"I could be well moved if I were like you...but I am as constant as the
northern star, etc".; he has all but called them "base spaniels", etc.)
- remarks that make the very audience itch to join the conspirators and
get in a few good whacks themselves.  I am baffled by this conduct of
Caesar before the senators, men whose approval he seeks and needs for
the kingship; could anything - short of literally whipping them all
about the senate chamber - be less persuasive ?  Plutarch ineed says
that Caesar "chides" the senators, but Shakespeare's interpretation of
this chiding seems beyond all      probability; he seems hungry, even
desperate, to make the point I suggest above.

_______________________________________________________________
S H A K S P E R: The Global Shakespeare Discussion List
Hardy M. Cook, This email address is being protected from spambots. You need JavaScript enabled to view it.
The S H A K S P E R Web Site <http://www.shaksper.net>

DISCLAIMER: Although SHAKSPER is a moderated discussion list, the
opinions expressed on it are the sole property of the poster, and the
editor assumes no responsibility for them.

Re: Hamlet Song

The Shakespeare Conference: SHK 14.1382  Monday, 7 July 2003

From:           Jan Jonk <This email address is being protected from spambots. You need JavaScript enabled to view it.>
Date:           Saturday, 5 Jul 2003 14:38:01 +0200
Subject: Comment:        SHK 14.1351

I would like to make the following remarks in reply to Michael Egan's
question on 'The Mousetrap' (SHK 14.1351):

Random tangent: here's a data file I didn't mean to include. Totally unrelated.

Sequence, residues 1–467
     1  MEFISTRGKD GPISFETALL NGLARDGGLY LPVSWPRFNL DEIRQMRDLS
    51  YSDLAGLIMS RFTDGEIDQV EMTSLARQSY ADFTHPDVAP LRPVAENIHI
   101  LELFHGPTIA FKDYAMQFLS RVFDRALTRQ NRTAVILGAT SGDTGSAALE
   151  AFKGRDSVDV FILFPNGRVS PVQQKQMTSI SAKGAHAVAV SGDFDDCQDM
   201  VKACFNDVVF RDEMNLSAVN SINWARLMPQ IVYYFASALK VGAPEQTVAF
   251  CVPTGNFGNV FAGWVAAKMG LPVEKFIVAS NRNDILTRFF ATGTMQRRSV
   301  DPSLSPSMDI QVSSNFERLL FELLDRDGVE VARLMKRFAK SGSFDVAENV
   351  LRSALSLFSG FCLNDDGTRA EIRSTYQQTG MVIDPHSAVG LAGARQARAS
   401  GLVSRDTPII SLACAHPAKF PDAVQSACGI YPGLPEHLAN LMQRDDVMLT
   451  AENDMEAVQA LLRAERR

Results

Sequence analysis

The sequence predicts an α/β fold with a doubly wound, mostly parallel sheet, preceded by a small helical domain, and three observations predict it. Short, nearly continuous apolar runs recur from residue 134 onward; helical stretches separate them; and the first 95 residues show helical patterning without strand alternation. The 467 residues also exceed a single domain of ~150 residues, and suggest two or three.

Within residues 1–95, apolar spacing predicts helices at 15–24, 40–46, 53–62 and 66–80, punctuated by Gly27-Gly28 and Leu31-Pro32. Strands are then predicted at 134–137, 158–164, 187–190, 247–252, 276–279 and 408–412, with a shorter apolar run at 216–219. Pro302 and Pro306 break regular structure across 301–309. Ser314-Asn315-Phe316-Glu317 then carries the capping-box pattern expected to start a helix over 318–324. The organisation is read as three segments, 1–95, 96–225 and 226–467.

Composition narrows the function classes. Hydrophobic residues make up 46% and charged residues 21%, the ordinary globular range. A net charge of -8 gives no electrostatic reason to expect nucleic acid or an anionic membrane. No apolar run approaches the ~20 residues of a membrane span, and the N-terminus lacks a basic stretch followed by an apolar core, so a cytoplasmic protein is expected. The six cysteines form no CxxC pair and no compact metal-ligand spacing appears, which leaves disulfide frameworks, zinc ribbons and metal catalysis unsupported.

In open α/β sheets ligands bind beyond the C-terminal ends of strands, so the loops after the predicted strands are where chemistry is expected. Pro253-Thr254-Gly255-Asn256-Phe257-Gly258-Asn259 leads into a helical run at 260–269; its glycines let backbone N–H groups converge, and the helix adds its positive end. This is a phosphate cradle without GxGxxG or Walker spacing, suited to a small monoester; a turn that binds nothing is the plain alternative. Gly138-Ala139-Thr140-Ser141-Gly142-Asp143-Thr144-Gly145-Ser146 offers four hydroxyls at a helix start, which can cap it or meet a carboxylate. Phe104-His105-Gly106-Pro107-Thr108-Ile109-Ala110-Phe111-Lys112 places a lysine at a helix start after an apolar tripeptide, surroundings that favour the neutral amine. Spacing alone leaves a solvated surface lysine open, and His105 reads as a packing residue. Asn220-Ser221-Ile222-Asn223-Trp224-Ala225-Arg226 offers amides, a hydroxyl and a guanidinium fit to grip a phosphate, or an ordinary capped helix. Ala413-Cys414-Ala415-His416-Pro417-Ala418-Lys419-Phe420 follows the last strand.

If Hamlet had rhymed, he would have used the last two sounds of was:
'as"; the 'a', like in 'was', being pronounced with a very low [a] in
Early Modern English. For most scholars this might easily lead to the
word 'ass', which is bad enough for Claudius, but if I  apply Early
Modern English pronunciation properly, I come to the 'r-word', which, in
Shakespeare, is never written out in full (like the modern 'f-word'). I
mean the word 'arse'. (Shakespeare uses a similar reference with the
growling of dogs).  The word Shakespeare does use in Hamlet, 'paiock',
is the same word I think as 'padjak', a word in Dutch of unknown origin,
meaning 'a despicable fellow'.

Jan Jonk

_______________________________________________________________
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DISCLAIMER: Although SHAKSPER is a moderated discussion list, the
opinions expressed on it are the sole property of the poster, and the
editor assumes no responsibility for them.

Pop Culture and High Crimes

The Shakespeare Conference: SHK 14.1380  Monday, 7 July 2003

From:           Abigail Quart <This email address is being protected from spambots. You need JavaScript enabled to view it.>
Date:           Friday, 4 Jul 2003 03:27:36 -0400
Subject:        Pop Culture and High Crimes

http://www.sunspot.net/news/opinion/oped/bal-op.impeach29jun29,0,1930699.sto
ry?coll=bal-oped-headlines

From the Baltimore Sun:

Was it a high crime?
By Daniel Meltzer
Originally published June 29, 2003

"That a man may smile and be a villain." - William Shakespeare, Hamlet,
1600 "What did the president know, and when did he know it?" - Sen.
Howard Baker, 1973

NEW YORK - The British Parliament is investigating charges that Prime
Minister Tony Blair misled his nation by either deliberately or